Generators fight back against EPA’s new regulations
With a flurry of major new environmental regulations, the Environmental Protection Agency (EPA) is altering the power generation landscape. But will the new federal rules survive court challenges—to say nothing of next year’s national elections? Fortnightly's Michael T. Burr considers the controversy over new environmental standards. PLUS: Top Utility Lawyers of 2011.
1. ‘Policy’ Guides the Grid; 2. Carbon Not a Nuisance (Yet); 3. Gigabucks for Negawatts; 4. A MOPR, Not a NOPR; 5. Ramp Up the Frequency; 6. Cap-and-Trade Still Lives; 7. Cyber Insecurity; 8. Korridor Killer; 9. The Burden Not Shared; 10. Ozone Can Wait.
Green energy mandates might overburden gas pipelines.
By Diane A. Rigos, Boris L. Shapiro and Richard L. Levitan
Market rules could evolve to compensate gas suppliers for pressurizing pipelines when needed on short notice. Enhanced ancillary services will require innovative strategies using line pack in interstate pipelines and stepped up communication among gas and electric market participants to preserve reliability objectives in gas and electric markets.
Increasing renewable generation threatens reliability.
An increased reliance on renewable energy could threaten reliability of the nation’s electric transmission grids by reducing the rotational mass and rotational inertia of on-line turbine generators, thus, reducing the capability of generators to respond to drops in voltage frequency. In fact, data collected from 1994 to 2009 for the Eastern Interconnection already reveals a drop in the grid’s capability (as measured in megawatts) to stop a very rapid drop in frequency — such as a drop of a tenth of a cycle per second.
The Interstate Natural Gas Association named Richard R. Hoffmann executive director of the The INGAA Foundation. E. Kevin Bethel joined Sierra Pacific Resources as chief accounting officer. Dominion East Ohio promoted Bruce C. Klink to president. American Electric Power announced several changes. And others...
NERC’s new cyber security rules may minimize cost of compliance, but they leave utilities guessing on how to identify risks.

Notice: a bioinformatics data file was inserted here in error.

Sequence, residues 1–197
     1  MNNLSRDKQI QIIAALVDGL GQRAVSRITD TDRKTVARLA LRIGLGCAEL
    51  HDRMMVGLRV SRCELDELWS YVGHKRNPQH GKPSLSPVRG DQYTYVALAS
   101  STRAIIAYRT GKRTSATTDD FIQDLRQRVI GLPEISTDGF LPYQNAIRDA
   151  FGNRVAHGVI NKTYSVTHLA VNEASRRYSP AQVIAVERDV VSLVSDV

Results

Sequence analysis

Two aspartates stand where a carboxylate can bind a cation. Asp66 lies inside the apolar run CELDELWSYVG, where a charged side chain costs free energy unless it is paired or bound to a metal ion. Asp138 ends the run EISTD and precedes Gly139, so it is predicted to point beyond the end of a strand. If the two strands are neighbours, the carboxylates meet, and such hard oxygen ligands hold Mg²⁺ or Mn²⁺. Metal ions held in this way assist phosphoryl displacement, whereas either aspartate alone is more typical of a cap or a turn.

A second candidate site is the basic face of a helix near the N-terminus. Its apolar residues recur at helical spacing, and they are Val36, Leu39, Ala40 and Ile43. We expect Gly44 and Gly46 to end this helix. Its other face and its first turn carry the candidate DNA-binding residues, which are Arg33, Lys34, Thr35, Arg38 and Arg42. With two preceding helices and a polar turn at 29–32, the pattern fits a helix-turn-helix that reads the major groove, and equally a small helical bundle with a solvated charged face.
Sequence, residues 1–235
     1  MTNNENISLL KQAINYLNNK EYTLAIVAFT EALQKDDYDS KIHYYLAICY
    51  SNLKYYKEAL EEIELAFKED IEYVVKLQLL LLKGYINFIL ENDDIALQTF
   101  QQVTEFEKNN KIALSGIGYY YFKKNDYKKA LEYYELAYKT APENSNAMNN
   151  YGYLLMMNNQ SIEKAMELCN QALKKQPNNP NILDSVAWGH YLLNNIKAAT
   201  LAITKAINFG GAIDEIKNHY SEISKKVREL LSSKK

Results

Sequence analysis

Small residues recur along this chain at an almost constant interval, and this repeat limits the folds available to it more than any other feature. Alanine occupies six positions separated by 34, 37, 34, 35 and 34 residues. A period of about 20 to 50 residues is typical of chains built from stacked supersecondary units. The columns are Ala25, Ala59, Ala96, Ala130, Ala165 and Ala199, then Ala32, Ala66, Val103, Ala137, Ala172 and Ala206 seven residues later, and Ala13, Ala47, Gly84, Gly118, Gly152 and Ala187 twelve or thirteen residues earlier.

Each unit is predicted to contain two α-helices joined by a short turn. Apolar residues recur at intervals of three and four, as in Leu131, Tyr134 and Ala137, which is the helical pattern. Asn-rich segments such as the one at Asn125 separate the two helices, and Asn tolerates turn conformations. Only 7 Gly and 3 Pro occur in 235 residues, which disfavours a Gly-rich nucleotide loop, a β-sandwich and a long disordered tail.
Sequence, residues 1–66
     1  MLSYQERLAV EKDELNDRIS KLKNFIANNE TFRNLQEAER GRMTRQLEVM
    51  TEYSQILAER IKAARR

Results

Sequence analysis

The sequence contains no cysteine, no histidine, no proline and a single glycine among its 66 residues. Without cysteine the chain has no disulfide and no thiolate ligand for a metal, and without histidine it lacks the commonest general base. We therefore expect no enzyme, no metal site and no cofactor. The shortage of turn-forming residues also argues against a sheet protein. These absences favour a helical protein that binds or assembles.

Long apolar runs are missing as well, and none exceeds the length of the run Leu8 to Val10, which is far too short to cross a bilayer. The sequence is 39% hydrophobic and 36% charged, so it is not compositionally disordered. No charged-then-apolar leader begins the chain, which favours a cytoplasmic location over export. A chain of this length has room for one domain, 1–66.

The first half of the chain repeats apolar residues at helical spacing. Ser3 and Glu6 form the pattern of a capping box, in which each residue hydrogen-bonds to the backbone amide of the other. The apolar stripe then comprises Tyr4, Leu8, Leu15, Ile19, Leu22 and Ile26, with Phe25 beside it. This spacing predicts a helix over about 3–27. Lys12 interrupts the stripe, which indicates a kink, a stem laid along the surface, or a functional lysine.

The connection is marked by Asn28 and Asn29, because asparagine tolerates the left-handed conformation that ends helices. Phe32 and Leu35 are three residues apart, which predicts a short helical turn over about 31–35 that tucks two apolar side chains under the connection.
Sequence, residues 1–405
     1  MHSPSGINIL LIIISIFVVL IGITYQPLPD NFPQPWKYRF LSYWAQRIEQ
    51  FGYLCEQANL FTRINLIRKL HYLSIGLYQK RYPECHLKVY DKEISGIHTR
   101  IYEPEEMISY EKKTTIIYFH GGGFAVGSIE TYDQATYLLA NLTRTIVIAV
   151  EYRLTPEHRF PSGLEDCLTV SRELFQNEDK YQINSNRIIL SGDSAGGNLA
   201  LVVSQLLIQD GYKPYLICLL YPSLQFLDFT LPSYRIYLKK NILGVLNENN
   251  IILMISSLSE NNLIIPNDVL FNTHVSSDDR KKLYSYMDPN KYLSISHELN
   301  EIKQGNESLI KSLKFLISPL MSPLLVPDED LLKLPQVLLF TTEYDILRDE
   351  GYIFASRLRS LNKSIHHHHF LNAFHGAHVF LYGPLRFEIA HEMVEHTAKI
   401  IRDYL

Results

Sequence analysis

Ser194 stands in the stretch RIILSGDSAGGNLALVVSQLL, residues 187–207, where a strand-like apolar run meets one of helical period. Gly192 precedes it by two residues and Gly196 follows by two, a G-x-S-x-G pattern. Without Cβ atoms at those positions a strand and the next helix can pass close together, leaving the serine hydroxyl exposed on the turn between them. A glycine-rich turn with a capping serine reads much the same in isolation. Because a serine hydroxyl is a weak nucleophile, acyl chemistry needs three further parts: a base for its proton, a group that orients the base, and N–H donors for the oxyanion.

Liam Baker, vice president for regulatory affairs at US Power Generating, questions whether his company’s power plants and control systems in New York and Massachusetts must comply with the electric industry’s new mandatory standards for cyber security. Baker voiced his doubts in written comments he filed in October with FERC.
FERC races to impose NERC’s new rules, raising howls of protest in the process.
After pleading with Congress for so many years, and then at last winning the requisite legislative authority to impose mandatory and enforceable standards for electric reliability, to replace its legacy system of voluntary compliance, NERC finds itself at a curious juncture. It wants to slow the transition.
Three challenges to federal authority from those unhappy with the status quo.
A look at how regulators, grid operators, and consumer advocates in Arkansas, California and Connecticut have posed challenges to established law and policy at FERC.
The industry must join a growing chorus in calling for new technology.
Steven Letendre, Ph.D., Paul Denholm, Ph.D., and Peter Lilienthal, Ph.D.
A growing movement to bring plug-in hybrid and all-electric cars to market has emerged, bolstered by the undeniable economic and national-security benefits that result from displacing gasoline with electricity. Also, our editor-at-large talks with Tesla Motors CEO Martin Eberhart.
Energy Storage Systems
G. Paul Grimsrud, Steven A. Lefton, and Philip M. Besuner
Energy Storage Systems
How to reduce the cycling costs of conventional generation.
Energy Storage Systems (ESS) can provide significant benefits associated with reduced damage to fossil-fuel power plants if the ESS is used in such as way that it reduces start-ups or load-following/cycling. Though those benefits may not be well known, understood, or documented, they are real and ascertainable.